5. Vaccines in Development: mRNA-1273 and ChAdOx1 nCoV-19

Current observations indicate that coronaviruses are particularly adapted to evade immune detection and dampen human immune responses. This partly explains why they tend to have a longer incubation period of 2–11 days on average compared to influenza, 1–4 days. The longer incubation period is probably due to their immune evasion properties, efficiently escaping host immune detection at the early stage of infection. As a member of the Betacoronavirus genus, its immune evasion mechanism is potentially similar to those of SARS-CoV and MERS-CoV. The mechanisms by which SARS-CoV and MERS-CoV modulate host immune responses are described as follows. Aerosolized uptake of SARS-CoV-2 leads to infection of ACE2 expressing target cells such as alveolar type 2 cells or other unknown target cells. The virus may dampen anti-viral interferon (IFN) responses resulting in uncontrolled viral replication. The influx of neutrophils and monocytes/macrophages results in the hyperproduction of pro-inflammatory cytokines. The immunopathology of lung may be the result of the “cytokine storms”. Specific Th1/Th17 cells may be activated and contribute to exacerbate inflammatory responses. B-cells/plasma cells produce SARS-CoV-2 specific antibodies that may help neutralize viruses.
Coronaviruses interfere with multiple steps during initial innate immune response, including RNA sensing, signaling pathway of type I IFN production, signal transducer and activator of transcription (STAT) 1/2 activation downstream of IFN/IFN-alpha/beta-receptor (IFNAR) as indicated by suppressive marks. This delayed or dampening type I IFN responses impinge adaptive immune activation. Prolonged viral persistence exacerbates inflammatory responses that may lead to immune exhaustion and immune suppression as a feedback regulatory mechanism. Biased Th2 type response also favors poor outcome of the disease [110].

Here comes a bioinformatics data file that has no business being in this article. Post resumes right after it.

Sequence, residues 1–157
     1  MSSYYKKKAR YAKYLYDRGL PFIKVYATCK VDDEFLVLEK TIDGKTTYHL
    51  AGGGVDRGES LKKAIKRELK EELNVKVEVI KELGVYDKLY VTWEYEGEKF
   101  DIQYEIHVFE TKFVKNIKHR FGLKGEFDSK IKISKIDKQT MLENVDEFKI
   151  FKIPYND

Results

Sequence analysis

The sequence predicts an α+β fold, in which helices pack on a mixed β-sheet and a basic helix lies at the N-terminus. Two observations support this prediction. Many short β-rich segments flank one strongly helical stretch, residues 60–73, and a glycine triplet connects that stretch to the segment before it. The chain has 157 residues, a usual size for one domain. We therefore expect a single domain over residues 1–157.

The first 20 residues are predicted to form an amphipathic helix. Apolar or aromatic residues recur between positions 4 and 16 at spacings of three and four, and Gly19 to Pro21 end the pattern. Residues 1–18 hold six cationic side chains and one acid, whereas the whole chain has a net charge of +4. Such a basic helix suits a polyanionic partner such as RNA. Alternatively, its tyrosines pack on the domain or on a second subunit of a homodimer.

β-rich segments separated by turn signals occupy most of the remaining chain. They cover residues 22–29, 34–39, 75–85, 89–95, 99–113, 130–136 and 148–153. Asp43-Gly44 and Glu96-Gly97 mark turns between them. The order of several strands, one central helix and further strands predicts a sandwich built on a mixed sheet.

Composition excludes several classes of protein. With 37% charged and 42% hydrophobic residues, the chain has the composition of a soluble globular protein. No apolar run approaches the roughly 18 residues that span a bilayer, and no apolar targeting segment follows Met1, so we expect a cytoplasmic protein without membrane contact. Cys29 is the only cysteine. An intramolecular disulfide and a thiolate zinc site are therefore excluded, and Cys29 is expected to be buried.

At present, there are no approved vaccines for SARS-CoV-2. However, the development process is being streamlined, and several vaccines have entered clinical trials. A list of vaccines in development is provided in Table 3. A nucleic acid vaccine, mRNA-1273, is currently in Phase 1 and expected to complete in June 2021 (ClinicalTrials.gov: NCT0428346) [54]. This project is sponsored by the US National Institutes of Health (NIH) through its Vaccine Research Center (VRC) in collaboration with Moderna. As of May 2020, Moderna has announced a successful Phase 1 testing of their mRNA-1273 and is expecting to begin Phase 3 testing in July [111]. mRNA-1273 encodes for a prefusion stabilized form of the coronavirus spike protein, a viral entry protein responsible for binding to host cell surface receptor ACE2 [57,59,112]. The vaccine is expected to introduce the mRNA code into host cells which will then begin producing S protein. The host immune system should recognize the product as foreign and subsequently develop a useful immune response in the event of an exposure. This method of inoculation has demonstrated a stronger CD8+ T-cell response than protein immunization and a more potent generation of antibodies in animals with lower doses than DNA immunization [113]. Despite these exciting prospects, it is important to note that there are no currently marketed mRNA vaccines, and mRNA-1273′s long-term effectiveness with humans is yet to be determined [112].
The Jenner Institute of Oxford University, in conjunction with pharmaceutical Advent Srl, is currently in Phase 1 and Phase 2 trials of evaluating an adenovirus vector vaccine ChAdOx1 nCoV-19 (ClinicalTrials.gov: NCT04324606). The study has a 6-month time frame with results to be completed in May 2021. ChAdOx1 nCoV-19 contains an attenuated form of the virus that produces S protein [68]. Upon exposure to the protein, the host should form antibodies which would provide immunity from SARS-CoV-2. As of May 2020, a preprint has emerged from the NIH and the University of Oxford which potentially demonstrates ChAdOx1 as effective in protecting six rhesus macaques from viral pneumonia [135]. The Jenner team behind ChAdOx1 nCoV-19 vaccine had previously worked on a vaccine for Middle East Respiratory Syndrome (MERS-CoV) from the same β-CoV genus [66]. Previous research with ChAdOx1 MERS in BALB/c mice models displayed high levels immunogenicity with a robust CD8+ T-cell response and high levels of neutralizing antibodies against the spike protein [136,137]. Subsequent Phase 1 trials reported ChAdOx1 MERS was safe and effective at inducing humoral immune responses in humans [138]. Given the high genetic similarity between MERS-CoV and SARS-CoV-2, some of the research conducted before the COVID-19 outbreak on MERS-CoV should translate to the novel coronavirus [139].

6. Conclusions